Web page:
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It’s a guilty pleasure of mine.  I don’t watch much television, but I do like to watch America’s Got Talent, when it works out in my schedule.  I love seeing individuals reaching their full potential and stretching the limits of what’s possible. Whether it is AGT or Roycemore’s variety show, it gives me goosebumps when I witness excellence.  It inspires me to dig deeper and wonder what’s possible. One of the judges on AGT for a number of seasons was Mel B. She is known for some of her over-the-top reactions to particularly extraordinary acts and for yelling out, “What Just Happeeeeened?”  Her reaction is entirely appropriate for some of the acts that you see on AGT.  It is also a reaction that is entirely appropriate for some of the cultural changes that we are experiencing in our world today.  

In the book iGen:  Why Today’s Super-Connected Kids Are Growing Up Less Rebellious, More Tolerant, Less Happy–and Completely Unprepared for Adulthood, Jean Twenge lays out a case for naming the generation that follows the Millennials, iGen (rather than “Gen Z” as has been used in some circles).  Born beginning 1995 (the year the Internet was born) and with an estimated end year between 2009 and 2015, Twenge argues that iGen-ers are 1. In less of a hurry to grow up; 2. Spend a significant amount of free time online; 3. Are more socially connected virtually rather than IRL (in real life); 4. Are more anxious, stressed and depressed than Millennials; 5. Affiliate less with religion and spirituality than Millennials; 6. Are more inclusive, expecting equality regardless of race, gender, sexual identity, or other differences; 7. Are more risk-averse than prior generations; 8.  Are exceedingly cautious about engaging in serious romantic relationships requiring commitment; 9. And are less likely to identify with a specific political party.

For the Baby Boom or GenX generations, the differences in the iGen generation are dramatic.  A reflection of those changes could even cause us to call out, like Mel B, “What just happeeeeened?”  Twenge says, “Cultural change has many causes, not just one–it’s not just parents, but technology, media, business and education working together to create an entire culture that is radically different from the one our parents and grandparents experienced.”  One might say, but how is this different from the changes other generations have experienced? And you could make a case there. But a key difference is in the dramatically rapid pace of change, and in the aspects of those changes that could have serious unintended consequences for our world.  While there are some aspects of the iGen culture that are positive, such as the focus on inclusivity, the ramifications of some of the other key cultural components of iGen leave cause for concern, such as:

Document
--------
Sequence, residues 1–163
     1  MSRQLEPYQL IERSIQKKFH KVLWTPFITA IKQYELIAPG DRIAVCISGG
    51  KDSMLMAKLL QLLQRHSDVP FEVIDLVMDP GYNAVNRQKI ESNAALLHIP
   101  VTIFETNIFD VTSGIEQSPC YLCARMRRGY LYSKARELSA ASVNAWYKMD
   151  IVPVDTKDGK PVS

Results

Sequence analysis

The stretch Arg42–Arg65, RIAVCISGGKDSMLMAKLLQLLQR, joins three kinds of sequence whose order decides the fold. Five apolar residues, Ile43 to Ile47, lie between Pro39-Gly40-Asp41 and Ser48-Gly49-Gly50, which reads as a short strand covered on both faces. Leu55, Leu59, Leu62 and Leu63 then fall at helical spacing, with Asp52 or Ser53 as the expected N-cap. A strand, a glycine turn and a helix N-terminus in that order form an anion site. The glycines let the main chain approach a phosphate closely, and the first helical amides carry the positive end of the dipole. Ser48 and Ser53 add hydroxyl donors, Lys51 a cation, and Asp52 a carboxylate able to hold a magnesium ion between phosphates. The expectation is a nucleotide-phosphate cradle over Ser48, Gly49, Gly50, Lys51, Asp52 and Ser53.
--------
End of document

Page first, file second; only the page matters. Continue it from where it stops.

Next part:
• Online lives taking on greater importance than real ones.
  • An unprecedented increase in the rates of depression and anxiety among young people.
  • A rapid decline in the amount of reading and in-person social activities by young people, combined with a rapid increase in the amount of time spent online.
  • A reluctance to embrace the responsibilities that typically are associated with independence and adulthood at ages that were the norm even during the GenX and Millennial generations.

Twenge spent a great deal of time researching the timing of the rapid changes she noticed and found that it coincided with the time that the majority of cell phones in the United States were smartphones– phones connected to the Internet.  While unable to directly implicate the smartphone, the evidence was significant and staggering. The smartphone, with all of the positive opportunities it brings, has ushered in a new reality for the lives of young people and, as Twenge points out, has an especially profound impact on the lives of young teens.  

Knowing that the smartphone is not going away and that rather versions of it, including wearable technology, are already becoming ubiquitous, how might we respond?  What implications does this have for K-12 schools and even colleges? And how can we help young people navigate a world/ a culture that is radically different from the experience of young people just a few years ago?  These are topics that we should be addressing as a school in collaboration with faculty, parents and students. Twenge suggests that parents consider the following as starting points:

  • Put off giving your child a cell phone as long as possible, and when you do, consider making it a phone without Internet connectivity.
  • If you and your family use a smartphone for an alarm clock, switch to a regular alarm clock and move phones out of bedrooms.
  • Consider employing a screen time app to become more aware of the amount of screen time your children have.  Limiting screen time to an hour a day can support your child building social connections through more traditional means, which research shows leads to less depression and anxiety.
  • If your children were restricted to using one social media platform, make it Snapchat or forums that allow for posts that are not meant to be seen by large audiences and that have limited lifespans.

No doubt there is much more to learn about the impact that our hyper-connected world is having on all of us, both in positive and not-so-positive ways.  We all benefit, however, by being more thoughtful about how we choose to use technology, and how we approach the use of technology with our children.

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